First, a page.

PM’s wife asked official to slow help to mogul after poor news coverage – report

In fresh leak from Case 4000, state’s witness Nir Hefetz tells police he was sent to tell top communications official to ease up on regulatory change that would benefit Elovitch

Prime Minister Benjamin Netanyahu's wife Sara at a welcoming ceremony for the Brazilian president at Ben Gurion Airport on March 31, 2019. (Noam Revkin Fenton/Flash90)
Prime Minister Benjamin Netanyahu's wife Sara at a welcoming ceremony for the Brazilian president at Ben Gurion Airport on March 31, 2019. (Noam Revkin Fenton/Flash90)

Prime Minister Benjamin Netanyahu’s wife Sara asked a key official to slow down regulatory efforts to assist a media tycoon after she became unhappy with the way a news site he controlled was portraying the Netanyahu family, Channel 12 reported Sunday.

The revelations come from fresh leaks of  transcripts of police interviews with state witness Nir Hefetz in the Case 4000 corruption investigation.

Hefetz, a former aide to Prime Minister Benjamin Netanyahu, is a key witness in the case, which involves suspicions the premier pushed regulations benefiting Bezeq controlling shareholder Shaul Elovitch in exchange for positive coverage from Bezeq’s Walla news site. It is considered the most serious of the three graft cases facing Netanyahu.

The transcripts appear to indicate that there was an understanding between the Netanyahu family and the Elovitch family and Sara felt they were not living up to their end of the deal.

In the transcripts, Hefetz tells investigators that at one stage she asked him to convey a message to then-Communications Ministry director general Shlomo “Momo” Filber, telling him to go slow on the help to the Elovitch family because she was unhappy with the recent coverage on Walla.

Prime Minister Benjamin Netanyahu’s former spokesman Nir Hefetz (foreground) and Bezeq controlling shareholder Shaul Elovitch attend a remand hearing at the Tel Aviv Magistrate’s Court, February 26, 2018. (Flash90)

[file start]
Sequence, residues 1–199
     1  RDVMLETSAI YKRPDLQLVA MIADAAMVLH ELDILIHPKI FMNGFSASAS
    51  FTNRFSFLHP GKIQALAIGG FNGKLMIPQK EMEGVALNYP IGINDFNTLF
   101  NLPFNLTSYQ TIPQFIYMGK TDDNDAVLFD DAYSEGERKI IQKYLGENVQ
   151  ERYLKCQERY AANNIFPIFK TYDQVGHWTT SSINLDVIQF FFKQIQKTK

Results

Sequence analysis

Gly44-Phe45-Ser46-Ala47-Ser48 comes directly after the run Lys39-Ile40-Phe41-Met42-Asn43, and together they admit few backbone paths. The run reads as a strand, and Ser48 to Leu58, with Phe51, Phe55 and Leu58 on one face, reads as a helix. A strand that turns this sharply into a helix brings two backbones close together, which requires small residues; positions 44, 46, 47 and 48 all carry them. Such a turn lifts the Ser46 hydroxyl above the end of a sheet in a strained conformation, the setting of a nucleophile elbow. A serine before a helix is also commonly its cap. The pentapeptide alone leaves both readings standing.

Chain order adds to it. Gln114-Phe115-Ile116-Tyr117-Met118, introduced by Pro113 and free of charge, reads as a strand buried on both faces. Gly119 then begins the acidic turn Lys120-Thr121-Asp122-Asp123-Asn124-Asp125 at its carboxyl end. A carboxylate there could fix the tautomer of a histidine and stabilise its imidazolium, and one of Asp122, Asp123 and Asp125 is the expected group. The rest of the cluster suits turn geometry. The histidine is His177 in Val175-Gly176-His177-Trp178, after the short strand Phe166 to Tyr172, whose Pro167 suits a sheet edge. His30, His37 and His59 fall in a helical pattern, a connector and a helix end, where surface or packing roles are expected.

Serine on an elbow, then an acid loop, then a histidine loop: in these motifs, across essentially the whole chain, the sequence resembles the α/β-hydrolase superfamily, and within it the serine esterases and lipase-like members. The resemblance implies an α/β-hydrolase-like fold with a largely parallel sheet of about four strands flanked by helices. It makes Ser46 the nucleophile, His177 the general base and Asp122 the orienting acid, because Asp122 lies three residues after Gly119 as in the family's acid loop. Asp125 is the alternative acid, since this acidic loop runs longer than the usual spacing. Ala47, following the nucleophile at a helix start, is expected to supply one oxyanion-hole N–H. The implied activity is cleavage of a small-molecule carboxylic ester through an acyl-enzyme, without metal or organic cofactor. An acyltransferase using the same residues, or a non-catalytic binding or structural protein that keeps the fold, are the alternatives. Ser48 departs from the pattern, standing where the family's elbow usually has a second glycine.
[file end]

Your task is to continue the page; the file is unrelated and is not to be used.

“There was a meeting outside Momo’s house where I told him that Sara asked that he not go forward too fast, that he not run with the issues of Shaul Elovitch, and that was because of the Netanyahu family’s disappointment with the way the Walla site was portraying them,” Hefetz says.

“In one of our meetings she told me, ‘tell Momo not to help Shaul so much.’ One general sentence; and  you have to say, to Netanyahu’s credit, that he always emphasized that in any situation where Sara says something, it has to go through him. You don’t do it unless you get his permission. I assume that Momo had similar instruction, but after she asked me, I passed on her request to Momo,” Hefetz tells police.

The interrogator then asks if Hefetz deviated from Netanyahu’s standing orders.

“It was half a deviation, because with Momo, it’s in the family, everything is within the inner circle. Sarah told me that (Momo) would stop helping them. Sarah is a person of black and white, she has no nuances of grey. If she is angry with the Elovitch family, then it’s stop,” said Hefetz.

Shlomo Filber, director-general of the Communications Ministry, arrives for extension of his remand in Case 4000 at the Magistrate’s Court in Rishon Letzion, February 18, 2018. (Flash90)